Following is the transcript of the speech by the Afghan National Security Adviser Mr. Hanif Atmar to a Security Conference recently held in India.
The transcript is done by: Faheem Nazimi 3/14/2017
In the name of almighty God, the merciful and the compassionate.
Honorable defense minister Parikar , ambassador Parsat, the good friend of Afghanistan and mine, his Excellency Shaikhul Islam sahib, excellencies, colleagues, ladies and gentlemen. Good morning!
First, let me thank ambassador Parsat for his kind invitation for me to attend this important conference. It is an honor to be one of the speakers at a conference that is dealing with most defining challenge of our time. Security, and counter terrorism. Let me congratulate ambassador Parsat , his colleagues and the Indian government for creating this forum, a genuine and effective forum, not just for our region, but also for the global community to hold honest and open discussions about the threats to our societies, our nations and the ways in which we can get together to neutralize their threats. It is all the more important this is held in India. Because of its international credentials to respect norms and our shared values. It gives us a level of comfort to hold those discussions in good faith and with the understanding that they will be transferred into good policies. Let me also take this opportunity to thank the incredible India, its great people and its government for its strong friendship, generous support and reliable partnership with Afghanistan. I am personally grateful to you ambassador for the way you contribute to the friendship and partnership. I am honored to have my honorable colleague defense minister here who has been a key leader to continue to contribute to the friendship of the two nations. Just a few months ago our president was here, I suppose right in this room when he thanked every Indian for the one dollar contribution made to Afghanistan. First of all a billion dollar contribution from India to rebuilding Afghanistan is extremely important. It is quite a lot of money, but more than that it represents the good will of an honorable nation that honors friendship and values solidarity with a nation like Afghanistan that has been the frontline country against our common enemies and threats. So thank you for all that!
Honorable minister, I have a speech that may be rather long. I do understand the daily pressing priorities of a security minister. Please feel free whenever you decide to leave. I will not mind, but I must say that this does not apply to everybody else in the room. I was thinking of speaking only about Afghanistan today. Because it’s a context it is extremely important. It is extremely important and relevant to the theme and more importantly to the security of Asia, our region and the global community. I was hoping to offer a few perspectives. The first question that I would like to answer is why does Afghanistan matter? First, we share region with Pakistan and other neighboring countries that has the highest concentration of organized terrorists anywhere in the world. According to known statistics, 20 out of 98 US designated terrorist organizations are operating there. Not all of them with Afghan objectives alone, they have goals beyond Afghanistan. Why is Afghanistan important for them? It is because it is a place they see as a breeding ground, as a sanctuary, from where they launched the 9/11 attack and there is the place where they would do the same thing again. For that reason, you have the highest concentration of the world’s most lethal terrorist’s organization. What enables them to be there? It is the proven sanctuaries for them. They have the symbiotic relation with state and non-state actors and the critical support and enabling infrastructure that they enjoy.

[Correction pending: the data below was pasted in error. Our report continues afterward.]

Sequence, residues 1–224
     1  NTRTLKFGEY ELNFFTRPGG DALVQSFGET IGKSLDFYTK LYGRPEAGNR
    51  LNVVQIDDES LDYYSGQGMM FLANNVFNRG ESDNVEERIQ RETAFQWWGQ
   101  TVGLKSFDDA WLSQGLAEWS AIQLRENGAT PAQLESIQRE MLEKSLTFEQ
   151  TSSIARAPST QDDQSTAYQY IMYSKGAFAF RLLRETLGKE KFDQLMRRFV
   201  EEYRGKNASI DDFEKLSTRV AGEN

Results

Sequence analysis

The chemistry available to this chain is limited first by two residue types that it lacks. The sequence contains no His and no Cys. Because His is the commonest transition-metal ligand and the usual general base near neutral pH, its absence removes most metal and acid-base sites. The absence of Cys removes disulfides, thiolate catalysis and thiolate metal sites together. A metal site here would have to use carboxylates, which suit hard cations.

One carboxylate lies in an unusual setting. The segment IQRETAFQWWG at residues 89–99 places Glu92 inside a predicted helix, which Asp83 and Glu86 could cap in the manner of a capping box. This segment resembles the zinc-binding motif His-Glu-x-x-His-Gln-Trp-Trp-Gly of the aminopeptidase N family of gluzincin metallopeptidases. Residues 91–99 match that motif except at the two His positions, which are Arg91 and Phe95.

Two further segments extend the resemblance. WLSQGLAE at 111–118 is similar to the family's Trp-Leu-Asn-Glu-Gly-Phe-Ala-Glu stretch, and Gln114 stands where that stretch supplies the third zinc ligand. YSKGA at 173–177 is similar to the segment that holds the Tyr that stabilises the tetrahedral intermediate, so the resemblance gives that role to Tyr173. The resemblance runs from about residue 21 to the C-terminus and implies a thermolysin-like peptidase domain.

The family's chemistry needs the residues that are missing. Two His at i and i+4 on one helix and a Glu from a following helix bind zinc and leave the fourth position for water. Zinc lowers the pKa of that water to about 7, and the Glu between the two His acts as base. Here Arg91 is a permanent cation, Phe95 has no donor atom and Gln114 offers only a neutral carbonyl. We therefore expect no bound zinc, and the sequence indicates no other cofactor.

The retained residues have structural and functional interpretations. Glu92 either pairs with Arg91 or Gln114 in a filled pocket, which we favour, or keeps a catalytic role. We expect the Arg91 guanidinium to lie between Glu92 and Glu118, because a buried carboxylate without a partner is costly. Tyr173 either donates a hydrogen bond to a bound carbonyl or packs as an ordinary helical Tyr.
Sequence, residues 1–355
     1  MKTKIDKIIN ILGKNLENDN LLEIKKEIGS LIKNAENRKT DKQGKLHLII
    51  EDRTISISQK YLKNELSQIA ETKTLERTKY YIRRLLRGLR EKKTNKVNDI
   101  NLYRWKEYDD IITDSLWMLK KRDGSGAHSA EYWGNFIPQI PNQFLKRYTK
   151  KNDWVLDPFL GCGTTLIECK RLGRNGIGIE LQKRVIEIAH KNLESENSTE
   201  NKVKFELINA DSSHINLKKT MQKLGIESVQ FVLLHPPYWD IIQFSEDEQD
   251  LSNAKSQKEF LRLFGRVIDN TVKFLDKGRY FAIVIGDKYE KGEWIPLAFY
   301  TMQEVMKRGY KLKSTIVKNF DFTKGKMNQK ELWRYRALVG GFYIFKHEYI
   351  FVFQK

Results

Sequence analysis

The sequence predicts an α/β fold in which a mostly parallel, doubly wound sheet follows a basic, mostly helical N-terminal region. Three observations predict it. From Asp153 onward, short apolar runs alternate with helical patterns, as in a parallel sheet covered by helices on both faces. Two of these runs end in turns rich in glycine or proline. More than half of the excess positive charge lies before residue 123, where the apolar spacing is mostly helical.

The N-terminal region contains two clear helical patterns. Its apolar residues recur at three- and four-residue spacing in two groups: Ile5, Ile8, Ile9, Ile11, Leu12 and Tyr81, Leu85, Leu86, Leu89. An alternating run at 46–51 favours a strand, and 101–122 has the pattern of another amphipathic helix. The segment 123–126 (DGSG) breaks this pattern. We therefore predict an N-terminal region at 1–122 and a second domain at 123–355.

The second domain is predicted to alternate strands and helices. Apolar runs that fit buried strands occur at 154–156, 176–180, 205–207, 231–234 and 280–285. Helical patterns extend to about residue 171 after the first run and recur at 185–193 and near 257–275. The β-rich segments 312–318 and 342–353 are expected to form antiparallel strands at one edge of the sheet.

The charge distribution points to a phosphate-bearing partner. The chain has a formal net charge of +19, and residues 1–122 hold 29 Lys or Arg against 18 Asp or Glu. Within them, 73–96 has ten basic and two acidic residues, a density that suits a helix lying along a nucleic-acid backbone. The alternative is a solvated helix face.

Success in Afghanistan against terrorism is vitally important for the security of the region and the global community. Unfortunately, the reverse is also true. Failure in Afghanistan is the failure of the region and the global community in their own effort to secure their nations. There lessons to be learned from Afghanistan experience. There are many. I would not provide an exhaustive list of such lessons, but there is one that I would like to definitely highlight and that is, we as the region now have a common enemy, but unfortunately, we do not have a common strategy to defeat it. In this context let me offer 4 key points to summarize our perspectives to the debate that we are going to have over the coming two days.